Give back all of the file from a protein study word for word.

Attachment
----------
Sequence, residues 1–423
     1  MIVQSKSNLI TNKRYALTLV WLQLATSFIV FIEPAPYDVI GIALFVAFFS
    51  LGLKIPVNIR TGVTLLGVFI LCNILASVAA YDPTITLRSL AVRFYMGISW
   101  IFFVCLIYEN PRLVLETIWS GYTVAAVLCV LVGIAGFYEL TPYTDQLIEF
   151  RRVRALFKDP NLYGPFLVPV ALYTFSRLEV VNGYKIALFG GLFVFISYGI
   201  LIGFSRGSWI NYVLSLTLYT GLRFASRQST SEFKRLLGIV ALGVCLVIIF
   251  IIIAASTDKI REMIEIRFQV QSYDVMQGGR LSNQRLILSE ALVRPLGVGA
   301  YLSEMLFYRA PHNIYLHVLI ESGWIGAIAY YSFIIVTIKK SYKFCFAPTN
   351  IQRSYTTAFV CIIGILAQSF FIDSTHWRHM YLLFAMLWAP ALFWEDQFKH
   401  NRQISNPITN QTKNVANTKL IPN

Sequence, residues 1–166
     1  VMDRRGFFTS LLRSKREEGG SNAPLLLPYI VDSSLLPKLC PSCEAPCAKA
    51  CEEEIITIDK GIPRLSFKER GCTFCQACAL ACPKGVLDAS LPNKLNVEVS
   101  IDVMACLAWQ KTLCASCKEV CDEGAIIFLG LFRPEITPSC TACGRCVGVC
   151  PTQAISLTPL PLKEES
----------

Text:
Sequence, residues 1–423
     1  MIVQSKSNLI TNKRYALTLV WLQLATSFIV FIEPAPYDVI GIALFVAFFS
    51  LGLKIPVNIR TGVTLLGVFI LCNILASVAA YDPTITLRSL AVRFYMGISW
   101  IFFVCLIYEN PRLVLETIWS GYTVAAVLCV LVGIAGFYEL TPYTDQLIEF
   151  RRVRALFKDP NLYGPFLVPV ALYTFSRLEV VNGYKIALFG GLFVFISYGI
   201  LIGFSRGSWI NYVLSLTLYT GLRFASRQST SEFKRLLGIV ALGVCLVIIF
   251  IIIAASTDKI REMIEIRFQV QSYDVMQGGR LSNQRLILSE ALVRPLGVGA
   301  YLSEMLFYRA PHNIYLHVLI ESGWIGAIAY YSFIIVTIKK SYKFCFAPTN
   351  IQRSYTTAFV CIIGILAQSF FIDSTHWRHM YLLFAMLWAP ALFWEDQFKH
   401  NRQISNPITN QTKNVANTKL IPN

Sequence, residues 1–166
     1  VMDRRGFFTS LLRSKREEGG SNAPLLLPYI VDSSLLPKLC PSCEAPCAKA
    51  CEEEIITIDK GIPRLSFKER GCTFCQACAL ACPKGVLDAS LPNKLNVEVS
   101  IDVMACLAWQ KTLCASCKEV CDEGAIIFLG LFRPEITPSC TACGRCVGVC
   151  PTQAISLTPL PLKEES